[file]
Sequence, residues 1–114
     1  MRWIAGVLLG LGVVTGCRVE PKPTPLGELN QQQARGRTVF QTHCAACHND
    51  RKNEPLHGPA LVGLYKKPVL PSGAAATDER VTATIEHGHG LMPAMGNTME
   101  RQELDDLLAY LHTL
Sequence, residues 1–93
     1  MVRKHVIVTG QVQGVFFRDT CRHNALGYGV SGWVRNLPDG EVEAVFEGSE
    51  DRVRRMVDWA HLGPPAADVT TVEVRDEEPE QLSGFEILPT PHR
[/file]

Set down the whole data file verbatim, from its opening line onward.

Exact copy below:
Sequence, residues 1–114
     1  MRWIAGVLLG LGVVTGCRVE PKPTPLGELN QQQARGRTVF QTHCAACHND
    51  RKNEPLHGPA LVGLYKKPVL PSGAAATDER VTATIEHGHG LMPAMGNTME
   101  RQELDDLLAY LHTL
Sequence, residues 1–93
     1  MVRKHVIVTG QVQGVFFRDT CRHNALGYGV SGWVRNLPDG EVEAVFEGSE
    51  DRVRRMVDWA HLGPPAADVT TVEVRDEEPE QLSGFEILPT PHR